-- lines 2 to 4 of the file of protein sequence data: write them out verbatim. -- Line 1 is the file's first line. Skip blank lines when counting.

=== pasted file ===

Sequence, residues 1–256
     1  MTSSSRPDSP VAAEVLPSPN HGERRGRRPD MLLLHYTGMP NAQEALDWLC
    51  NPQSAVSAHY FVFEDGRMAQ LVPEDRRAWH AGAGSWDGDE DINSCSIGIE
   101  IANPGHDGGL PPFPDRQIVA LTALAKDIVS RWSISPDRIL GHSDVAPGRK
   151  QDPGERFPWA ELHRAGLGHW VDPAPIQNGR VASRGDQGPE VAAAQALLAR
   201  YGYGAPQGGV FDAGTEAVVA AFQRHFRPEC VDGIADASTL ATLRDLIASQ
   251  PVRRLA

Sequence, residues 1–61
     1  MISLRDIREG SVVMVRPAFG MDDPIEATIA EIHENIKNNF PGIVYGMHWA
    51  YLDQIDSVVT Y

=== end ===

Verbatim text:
     1  MTSSSRPDSP VAAEVLPSPN HGERRGRRPD MLLLHYTGMP NAQEALDWLC
    51  NPQSAVSAHY FVFEDGRMAQ LVPEDRRAWH AGAGSWDGDE DINSCSIGIE
   101  IANPGHDGGL PPFPDRQIVA LTALAKDIVS RWSISPDRIL GHSDVAPGRK